Ernie Ross doesn’t mind speaking about himself or his work, but he’s not one to jump into the spotlight, and certainly not on the merits of anything but his own work.
Probably that’s why he mentions, almost as an aside, that he’s related to famed TV host and landscape painting instructor Bob Ross. Mildly concerned that he might seem to be name dropping, he adds that they’re second cousins and they only met briefly at a show in Roanoke.
“He was a soft-spoken man, give you the shirt off his back. He was real gentle. And patient, that was one of his main things. He was a real patient person,” said Ross of his famous relative (who he didn’t know at the time he was kin to). The celebrity painter, comparing their work, said he’d never be able to finish a painting quickly enough to make money at it if he put as much detail into his work as Ross did.
This meticulous attention to said detail is what renders his work on nature subjects and landscapes so realistic. He comes armed with some of his work, one piece of which is a cheetah painted close up, another of which is a winter landscape. Both are realistic and finely done. Another shows a tangle of metal wristwatches against a green background, though the subject matter in that case is hardly surprising: Ross only lately retired from Gardner’s Pawn Shop in Pulaski.
Some of his work is on wood, some on paper. His preferred medium, he says, is “anything I can find.” Perhaps this egalitarian attitude toward creativity explains why an artist whose works have sold for as much as around $1,000 is perfectly willing to paint a toilet seat lid, which he’s done before and sees no reason not to do again if he feels like tackling it.
“I’ll be sitting behind the counters at the pawn shop and I’ll be doing these,” he says, thumbing through a small portfolio of copic marker pictures drawn on regular-sized paper. A lot of the marker art falls under the definition of surrealism or comic book style and some is reminiscent of M.C. Escher’s work. The strong lines and bright colors have inspired more than one customer to ask if he can design tattoos for them – “It happens quite a bit,” he says – although they must take it to a tattoo parlor for the final work. Gifted at different styles and mediums, Ross doesn’t work on human skin.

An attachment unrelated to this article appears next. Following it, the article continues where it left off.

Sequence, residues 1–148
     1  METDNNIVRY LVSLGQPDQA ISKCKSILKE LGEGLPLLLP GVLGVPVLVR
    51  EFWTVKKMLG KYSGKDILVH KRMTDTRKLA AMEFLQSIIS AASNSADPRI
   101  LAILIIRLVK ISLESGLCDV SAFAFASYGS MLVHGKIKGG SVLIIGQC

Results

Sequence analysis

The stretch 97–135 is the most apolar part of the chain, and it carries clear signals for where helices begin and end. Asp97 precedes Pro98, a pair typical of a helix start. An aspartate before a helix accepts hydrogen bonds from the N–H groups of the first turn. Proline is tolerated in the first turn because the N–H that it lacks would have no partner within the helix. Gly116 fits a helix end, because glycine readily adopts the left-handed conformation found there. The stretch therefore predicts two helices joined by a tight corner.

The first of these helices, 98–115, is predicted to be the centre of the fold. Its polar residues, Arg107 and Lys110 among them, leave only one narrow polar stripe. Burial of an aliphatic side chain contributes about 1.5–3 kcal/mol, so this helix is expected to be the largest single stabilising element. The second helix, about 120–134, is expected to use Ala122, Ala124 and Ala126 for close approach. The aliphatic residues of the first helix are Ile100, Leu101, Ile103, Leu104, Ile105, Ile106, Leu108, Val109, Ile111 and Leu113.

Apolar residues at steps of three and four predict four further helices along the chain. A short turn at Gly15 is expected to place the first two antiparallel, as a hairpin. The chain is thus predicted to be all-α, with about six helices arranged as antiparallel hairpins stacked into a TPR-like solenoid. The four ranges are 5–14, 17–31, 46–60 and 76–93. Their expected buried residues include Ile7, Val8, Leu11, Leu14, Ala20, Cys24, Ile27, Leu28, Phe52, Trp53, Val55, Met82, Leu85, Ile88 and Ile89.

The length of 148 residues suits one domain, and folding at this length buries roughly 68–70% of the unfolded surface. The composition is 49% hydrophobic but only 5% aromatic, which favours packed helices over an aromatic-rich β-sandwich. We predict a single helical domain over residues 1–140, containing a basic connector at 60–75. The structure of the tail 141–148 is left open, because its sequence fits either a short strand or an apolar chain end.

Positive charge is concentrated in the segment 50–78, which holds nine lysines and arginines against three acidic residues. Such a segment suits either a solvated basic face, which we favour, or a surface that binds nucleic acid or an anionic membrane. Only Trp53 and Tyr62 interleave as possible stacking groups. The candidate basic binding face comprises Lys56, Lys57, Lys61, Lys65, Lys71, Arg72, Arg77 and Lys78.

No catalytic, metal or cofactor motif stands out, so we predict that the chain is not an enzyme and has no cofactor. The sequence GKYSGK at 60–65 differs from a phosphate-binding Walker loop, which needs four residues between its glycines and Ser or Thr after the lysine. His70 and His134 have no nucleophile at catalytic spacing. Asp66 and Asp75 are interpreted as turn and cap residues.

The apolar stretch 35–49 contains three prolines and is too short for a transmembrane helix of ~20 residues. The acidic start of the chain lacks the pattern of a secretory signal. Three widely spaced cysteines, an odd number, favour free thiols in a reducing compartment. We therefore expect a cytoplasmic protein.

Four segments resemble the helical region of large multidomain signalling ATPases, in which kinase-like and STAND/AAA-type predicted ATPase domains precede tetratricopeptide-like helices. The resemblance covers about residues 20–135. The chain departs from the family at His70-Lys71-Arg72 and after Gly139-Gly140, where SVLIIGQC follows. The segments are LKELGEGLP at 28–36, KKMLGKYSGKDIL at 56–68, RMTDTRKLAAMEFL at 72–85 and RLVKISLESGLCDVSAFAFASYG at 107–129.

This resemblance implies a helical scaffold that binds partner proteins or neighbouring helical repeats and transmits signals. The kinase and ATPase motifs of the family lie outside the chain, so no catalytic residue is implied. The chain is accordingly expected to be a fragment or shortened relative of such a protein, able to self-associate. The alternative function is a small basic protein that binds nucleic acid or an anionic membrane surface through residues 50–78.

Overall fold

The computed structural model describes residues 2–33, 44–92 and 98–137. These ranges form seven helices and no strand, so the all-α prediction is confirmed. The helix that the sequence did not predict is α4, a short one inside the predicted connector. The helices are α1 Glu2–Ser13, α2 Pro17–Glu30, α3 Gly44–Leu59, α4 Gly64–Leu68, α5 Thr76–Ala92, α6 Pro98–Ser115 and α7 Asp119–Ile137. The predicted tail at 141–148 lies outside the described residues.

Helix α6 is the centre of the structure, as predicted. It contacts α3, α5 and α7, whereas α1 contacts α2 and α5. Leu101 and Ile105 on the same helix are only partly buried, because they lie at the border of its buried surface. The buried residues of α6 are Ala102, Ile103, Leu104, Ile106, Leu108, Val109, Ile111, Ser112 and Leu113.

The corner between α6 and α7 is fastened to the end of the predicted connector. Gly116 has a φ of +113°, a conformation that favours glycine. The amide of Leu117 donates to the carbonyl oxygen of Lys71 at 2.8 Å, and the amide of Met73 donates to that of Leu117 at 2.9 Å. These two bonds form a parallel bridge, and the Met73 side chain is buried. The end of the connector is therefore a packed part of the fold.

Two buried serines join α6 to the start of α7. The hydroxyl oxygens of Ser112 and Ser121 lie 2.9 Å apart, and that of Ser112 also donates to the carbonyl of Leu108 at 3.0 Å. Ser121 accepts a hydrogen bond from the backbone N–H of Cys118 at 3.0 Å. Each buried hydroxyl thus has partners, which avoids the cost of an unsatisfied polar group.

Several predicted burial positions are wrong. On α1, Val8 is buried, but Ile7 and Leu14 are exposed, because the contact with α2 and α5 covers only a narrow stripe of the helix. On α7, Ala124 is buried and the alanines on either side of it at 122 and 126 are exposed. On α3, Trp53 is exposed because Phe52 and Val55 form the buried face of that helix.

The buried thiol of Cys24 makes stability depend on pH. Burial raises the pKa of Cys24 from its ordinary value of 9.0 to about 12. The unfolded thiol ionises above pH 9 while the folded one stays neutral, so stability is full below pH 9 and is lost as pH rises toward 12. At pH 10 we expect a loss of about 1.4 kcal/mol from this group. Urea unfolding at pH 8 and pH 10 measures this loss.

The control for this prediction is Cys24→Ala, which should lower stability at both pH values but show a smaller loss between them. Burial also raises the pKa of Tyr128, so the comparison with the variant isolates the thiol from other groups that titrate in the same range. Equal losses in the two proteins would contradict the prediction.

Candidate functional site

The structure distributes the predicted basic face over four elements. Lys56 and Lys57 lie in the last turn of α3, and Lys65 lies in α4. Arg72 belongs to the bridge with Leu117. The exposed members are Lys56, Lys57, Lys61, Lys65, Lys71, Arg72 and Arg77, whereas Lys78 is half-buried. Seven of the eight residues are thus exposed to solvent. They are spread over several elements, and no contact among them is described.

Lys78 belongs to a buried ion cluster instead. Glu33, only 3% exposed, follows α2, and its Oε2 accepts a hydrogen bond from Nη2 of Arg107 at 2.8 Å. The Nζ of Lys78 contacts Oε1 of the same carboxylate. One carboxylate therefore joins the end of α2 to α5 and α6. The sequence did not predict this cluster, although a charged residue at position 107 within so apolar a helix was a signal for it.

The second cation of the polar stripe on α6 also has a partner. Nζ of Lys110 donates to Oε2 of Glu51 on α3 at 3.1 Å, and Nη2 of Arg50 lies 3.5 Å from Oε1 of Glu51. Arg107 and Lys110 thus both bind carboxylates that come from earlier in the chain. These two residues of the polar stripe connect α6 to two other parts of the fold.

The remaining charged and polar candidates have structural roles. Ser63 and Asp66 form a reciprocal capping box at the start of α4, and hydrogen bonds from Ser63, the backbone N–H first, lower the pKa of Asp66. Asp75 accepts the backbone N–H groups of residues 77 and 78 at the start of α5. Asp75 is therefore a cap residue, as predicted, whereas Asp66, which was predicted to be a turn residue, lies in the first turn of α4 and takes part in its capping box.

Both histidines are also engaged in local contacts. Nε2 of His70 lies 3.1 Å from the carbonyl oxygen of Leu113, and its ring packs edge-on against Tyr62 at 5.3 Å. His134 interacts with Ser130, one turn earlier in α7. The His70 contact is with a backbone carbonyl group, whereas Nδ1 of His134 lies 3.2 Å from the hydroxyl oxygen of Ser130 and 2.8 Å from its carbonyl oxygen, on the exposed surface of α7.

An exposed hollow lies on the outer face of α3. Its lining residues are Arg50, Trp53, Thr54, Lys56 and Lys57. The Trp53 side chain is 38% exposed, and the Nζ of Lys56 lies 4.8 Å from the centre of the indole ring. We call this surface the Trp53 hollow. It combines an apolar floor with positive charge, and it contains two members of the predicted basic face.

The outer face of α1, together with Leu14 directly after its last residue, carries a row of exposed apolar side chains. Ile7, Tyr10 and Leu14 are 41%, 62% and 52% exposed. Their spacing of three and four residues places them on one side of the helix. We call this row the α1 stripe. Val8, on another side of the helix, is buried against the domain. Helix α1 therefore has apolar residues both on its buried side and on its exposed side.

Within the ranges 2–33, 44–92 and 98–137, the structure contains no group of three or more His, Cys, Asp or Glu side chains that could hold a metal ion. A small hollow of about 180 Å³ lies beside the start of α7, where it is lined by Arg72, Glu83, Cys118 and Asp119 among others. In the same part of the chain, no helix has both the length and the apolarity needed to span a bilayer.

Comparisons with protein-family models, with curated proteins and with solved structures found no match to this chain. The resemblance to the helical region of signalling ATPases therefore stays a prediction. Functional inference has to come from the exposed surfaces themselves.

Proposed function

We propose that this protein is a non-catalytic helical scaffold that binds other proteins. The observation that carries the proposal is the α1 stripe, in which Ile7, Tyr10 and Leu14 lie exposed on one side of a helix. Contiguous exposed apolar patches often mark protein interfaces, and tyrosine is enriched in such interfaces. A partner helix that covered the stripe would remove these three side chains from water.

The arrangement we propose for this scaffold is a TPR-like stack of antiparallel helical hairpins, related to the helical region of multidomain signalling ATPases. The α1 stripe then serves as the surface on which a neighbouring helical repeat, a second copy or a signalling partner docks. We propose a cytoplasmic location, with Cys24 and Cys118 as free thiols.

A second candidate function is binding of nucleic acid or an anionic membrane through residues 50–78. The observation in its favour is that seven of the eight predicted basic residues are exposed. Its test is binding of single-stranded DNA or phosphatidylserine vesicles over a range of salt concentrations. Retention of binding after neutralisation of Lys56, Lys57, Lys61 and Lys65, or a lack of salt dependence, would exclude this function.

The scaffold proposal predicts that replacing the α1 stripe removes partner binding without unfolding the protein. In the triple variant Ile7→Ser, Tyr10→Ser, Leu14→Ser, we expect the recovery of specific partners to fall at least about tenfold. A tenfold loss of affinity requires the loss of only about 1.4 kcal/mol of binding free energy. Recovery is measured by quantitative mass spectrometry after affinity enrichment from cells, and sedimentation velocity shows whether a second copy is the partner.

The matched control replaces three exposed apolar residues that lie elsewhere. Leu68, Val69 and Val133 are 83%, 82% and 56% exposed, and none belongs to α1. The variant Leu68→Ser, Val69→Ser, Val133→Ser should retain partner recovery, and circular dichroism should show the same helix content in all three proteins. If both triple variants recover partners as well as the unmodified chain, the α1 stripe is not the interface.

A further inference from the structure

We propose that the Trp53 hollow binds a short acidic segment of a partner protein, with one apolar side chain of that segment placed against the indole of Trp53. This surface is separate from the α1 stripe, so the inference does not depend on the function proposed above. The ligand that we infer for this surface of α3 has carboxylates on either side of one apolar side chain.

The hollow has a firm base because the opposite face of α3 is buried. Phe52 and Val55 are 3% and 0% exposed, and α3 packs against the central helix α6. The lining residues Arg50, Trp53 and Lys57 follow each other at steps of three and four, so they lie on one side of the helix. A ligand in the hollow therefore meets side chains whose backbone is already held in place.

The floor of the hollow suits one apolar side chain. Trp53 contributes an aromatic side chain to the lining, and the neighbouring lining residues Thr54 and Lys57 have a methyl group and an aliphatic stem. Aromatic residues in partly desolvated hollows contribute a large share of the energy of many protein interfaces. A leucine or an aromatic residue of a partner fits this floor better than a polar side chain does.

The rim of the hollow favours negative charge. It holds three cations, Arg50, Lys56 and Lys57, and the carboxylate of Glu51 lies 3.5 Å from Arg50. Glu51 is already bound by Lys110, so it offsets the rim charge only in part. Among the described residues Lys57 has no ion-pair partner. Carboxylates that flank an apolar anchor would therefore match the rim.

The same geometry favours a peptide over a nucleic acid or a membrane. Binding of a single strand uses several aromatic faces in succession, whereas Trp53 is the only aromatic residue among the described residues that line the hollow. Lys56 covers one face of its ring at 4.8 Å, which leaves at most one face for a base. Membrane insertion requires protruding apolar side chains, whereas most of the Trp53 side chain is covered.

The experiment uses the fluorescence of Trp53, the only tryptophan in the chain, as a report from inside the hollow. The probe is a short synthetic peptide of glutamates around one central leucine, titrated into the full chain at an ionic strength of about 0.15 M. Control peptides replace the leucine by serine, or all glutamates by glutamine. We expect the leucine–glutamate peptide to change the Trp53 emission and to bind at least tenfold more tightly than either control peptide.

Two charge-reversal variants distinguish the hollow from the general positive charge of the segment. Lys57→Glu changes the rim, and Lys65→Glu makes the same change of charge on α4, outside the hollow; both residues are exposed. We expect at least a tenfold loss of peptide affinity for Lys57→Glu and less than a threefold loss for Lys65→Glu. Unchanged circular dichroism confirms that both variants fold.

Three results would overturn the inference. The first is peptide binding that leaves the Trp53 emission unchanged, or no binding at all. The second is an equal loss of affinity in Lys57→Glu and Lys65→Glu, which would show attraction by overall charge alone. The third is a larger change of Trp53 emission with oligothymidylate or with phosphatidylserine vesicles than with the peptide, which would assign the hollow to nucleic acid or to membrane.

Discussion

“I started when I was in fifth grade,” he said of his art career. “I’ve had art classes in school and stuff like that.” Mostly, though, his talent is natural and self-directed. He was born in Shorts Creek in Carroll County as one of several children. His parents passed away when he was young, and he was raised mostly by his sister and her husband out in Colorado, staring in 1955. Later he moved back to Southwestern Virginia, married a local girl and settled in.
Before then, he managed to meet another well-known public figure. Living in Colorado in the 1970s – Ross has resided in several states – he presented the late Ted Kennedy, on a tour of Mercy Hospital where the artist worked, with a portrait of Kennedy’s brother, Bobby. Ross says the picture brought a tear to the senator’s eye.
He leaves most of his worked unnamed. “I just get it to where it looks like I could get in there and run around,” Ross says of his stopping point. Others, he says, are free to name it for themselves if they like. “Sometimes I’m not as sophisticated as a lot of your artists. I’m just an old hometown boy, you know? The Lord gave me a little bit of talent, and I enjoy it, and I let other people enjoy it.”
Ross spins the story of his life, fleshing out little touches here and there, but really more interested in letting his work stand for itself, and for him.
“It’s a wonderment, you know? I’m the creator, and when I paint, I can create whatever I want to,” Ross says. “It gives me a lot of pleasure. It’s God’s gift, and the pleasure I get out of it when other people look at it, and smile, you know, and stuff like that, it makes me happy. If it makes somebody else happy, that’s what I’m trying to do.”
To inquire about Ross’s work, call Gardner’s Pawn Shop at 980-1163.